candle light

Then I move onto prepping in the kitchen. Ice fills our cocktail shaker, plates are set out, glasses readied, garnishes and ingredients prepped. Alcohol poured over ice, shaken with a soft linen towel so fingers won't stick to the icy metal exterior - then poured, equally split, into their respective glasses. The sound of ice shifting, liquid rushing through the strainer. Glasses clinking. Then, that first perfectly cold sip. A moment that's been anticipated since the first tealight was lit. At this point, the husband and I take our respective seats around the kitchen table, nibbles and cards sat in front of us. Cocktail hour begins. Talking, laughing, sipping, noshing, shuffling cards, winners and losers, all in the glow of a music filled kitchen. For me, this is life at it's simplest and it's best. 

It's fitting then, that we really kick things off here at A Feasted Life with the cocktail hour series. Each 'cocktail hour' post will feature a different cocktail and a simple little nibble on the side, with a game or music pairing thrown in the mix. This little tradition of ours is a morsel of life I absolutely adore. It's the perfect excuse to turn off the computer, the television, leave work at work - sit and enjoy one another over a delightful sip and nosh. To me it harkens to simpler times, and you'll come to realize, I'm simpler times number one fan.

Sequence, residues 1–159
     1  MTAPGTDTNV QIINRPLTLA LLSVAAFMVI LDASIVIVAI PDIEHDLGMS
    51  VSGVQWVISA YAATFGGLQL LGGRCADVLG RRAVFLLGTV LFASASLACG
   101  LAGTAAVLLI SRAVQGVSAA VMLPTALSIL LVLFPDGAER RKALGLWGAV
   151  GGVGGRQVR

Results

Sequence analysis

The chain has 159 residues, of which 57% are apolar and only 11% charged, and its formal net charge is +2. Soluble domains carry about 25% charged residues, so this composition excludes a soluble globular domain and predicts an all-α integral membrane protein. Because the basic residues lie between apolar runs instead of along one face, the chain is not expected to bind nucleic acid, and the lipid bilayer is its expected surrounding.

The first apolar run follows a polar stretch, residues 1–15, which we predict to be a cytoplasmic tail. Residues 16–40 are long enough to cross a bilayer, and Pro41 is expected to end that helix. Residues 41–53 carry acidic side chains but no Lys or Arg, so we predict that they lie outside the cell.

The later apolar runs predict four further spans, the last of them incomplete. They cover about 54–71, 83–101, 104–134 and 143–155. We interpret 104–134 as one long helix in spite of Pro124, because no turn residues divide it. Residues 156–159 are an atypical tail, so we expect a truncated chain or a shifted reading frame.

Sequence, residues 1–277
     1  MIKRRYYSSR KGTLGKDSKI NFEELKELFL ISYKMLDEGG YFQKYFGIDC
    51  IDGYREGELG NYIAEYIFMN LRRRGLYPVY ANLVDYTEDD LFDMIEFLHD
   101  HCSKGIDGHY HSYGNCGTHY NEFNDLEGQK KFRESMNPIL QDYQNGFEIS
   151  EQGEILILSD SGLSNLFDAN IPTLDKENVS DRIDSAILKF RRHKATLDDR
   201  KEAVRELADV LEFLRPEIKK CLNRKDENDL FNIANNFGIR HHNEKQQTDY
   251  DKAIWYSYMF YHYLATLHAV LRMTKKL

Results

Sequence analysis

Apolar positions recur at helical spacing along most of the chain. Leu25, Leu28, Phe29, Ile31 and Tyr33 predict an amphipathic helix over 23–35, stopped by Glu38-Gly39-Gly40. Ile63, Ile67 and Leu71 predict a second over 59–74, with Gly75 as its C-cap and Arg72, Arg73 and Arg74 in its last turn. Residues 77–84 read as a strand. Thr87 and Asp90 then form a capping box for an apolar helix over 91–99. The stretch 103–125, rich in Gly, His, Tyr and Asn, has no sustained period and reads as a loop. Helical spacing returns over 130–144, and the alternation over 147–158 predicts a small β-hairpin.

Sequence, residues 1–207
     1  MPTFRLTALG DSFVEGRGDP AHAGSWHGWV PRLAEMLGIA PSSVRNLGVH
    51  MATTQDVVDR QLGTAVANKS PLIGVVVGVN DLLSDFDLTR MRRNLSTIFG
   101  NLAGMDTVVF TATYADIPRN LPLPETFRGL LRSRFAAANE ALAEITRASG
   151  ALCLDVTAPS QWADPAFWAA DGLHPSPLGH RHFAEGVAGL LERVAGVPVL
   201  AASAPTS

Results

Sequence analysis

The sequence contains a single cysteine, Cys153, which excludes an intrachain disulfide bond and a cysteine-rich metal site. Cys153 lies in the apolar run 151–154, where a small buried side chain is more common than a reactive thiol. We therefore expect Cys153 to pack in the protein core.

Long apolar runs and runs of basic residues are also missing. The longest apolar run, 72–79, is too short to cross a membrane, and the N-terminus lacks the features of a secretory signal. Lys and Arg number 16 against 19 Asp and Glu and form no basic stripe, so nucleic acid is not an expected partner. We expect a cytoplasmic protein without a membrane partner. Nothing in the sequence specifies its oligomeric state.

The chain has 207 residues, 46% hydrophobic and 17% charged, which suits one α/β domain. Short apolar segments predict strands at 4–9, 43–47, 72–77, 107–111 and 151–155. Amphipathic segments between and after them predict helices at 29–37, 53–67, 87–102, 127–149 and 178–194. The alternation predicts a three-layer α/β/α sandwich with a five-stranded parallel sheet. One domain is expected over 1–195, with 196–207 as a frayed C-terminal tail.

I wanted to start the series with my hands down favorite cocktail, ever. Trust me, you shouldn't be taking that statement lightly. I love a good cocktail, and I'm quite fond of many, but this one takes the cake.

The Bees Knees.

The name itself is devestatingly charming, no?  


It's a straightforward libation with only three ingredients required. The most important element to this drink is that you prepare it with the absolute highest quality ingredients. This will make a world of difference in your experience. I'm a firm believer there is no reason to drink, or eat for that matter, if you're not going to use the best ingredients, and this lovely little drink is proof of that. First, the Gin. Hendricks is the only Gin for this girl. Truly small batch Gin made in Scotland, with strong notes of rose and cucumber. Floral, herbal, and fresh. No other top shelf Gin even comes close to comparing to the complexity and love that goes into a bottle of Hendricks. Second, the honey. Just as important as the Gin. My favorite without a doubt, particularly for this drink, is Black Sage Honey. It's sweet, with a distinctive woodsy smoke to it. This compliments the flavors of the gin, and bite of the tart lemon incredibly well. As for the lemon? Well, just be sure they're heavy and full of juice!